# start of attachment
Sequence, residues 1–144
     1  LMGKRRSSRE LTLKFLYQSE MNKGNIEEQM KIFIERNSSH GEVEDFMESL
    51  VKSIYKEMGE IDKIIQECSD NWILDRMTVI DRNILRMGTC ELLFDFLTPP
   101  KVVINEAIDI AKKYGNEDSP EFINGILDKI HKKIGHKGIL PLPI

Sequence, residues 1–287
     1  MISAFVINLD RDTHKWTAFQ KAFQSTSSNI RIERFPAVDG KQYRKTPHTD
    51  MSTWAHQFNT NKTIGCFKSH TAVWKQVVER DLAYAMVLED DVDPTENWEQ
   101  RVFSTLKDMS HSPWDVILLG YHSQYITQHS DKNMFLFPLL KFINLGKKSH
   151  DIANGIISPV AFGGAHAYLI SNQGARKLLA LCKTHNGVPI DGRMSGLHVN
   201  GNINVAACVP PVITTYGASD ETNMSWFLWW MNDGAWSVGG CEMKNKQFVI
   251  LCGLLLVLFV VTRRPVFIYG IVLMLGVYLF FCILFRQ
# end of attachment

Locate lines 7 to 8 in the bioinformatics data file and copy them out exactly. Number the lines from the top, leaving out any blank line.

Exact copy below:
    51  MSTWAHQFNT NKTIGCFKSH TAVWKQVVER DLAYAMVLED DVDPTENWEQ
   101  RVFSTLKDMS HSPWDVILLG YHSQYITQHS DKNMFLFPLL KFINLGKKSH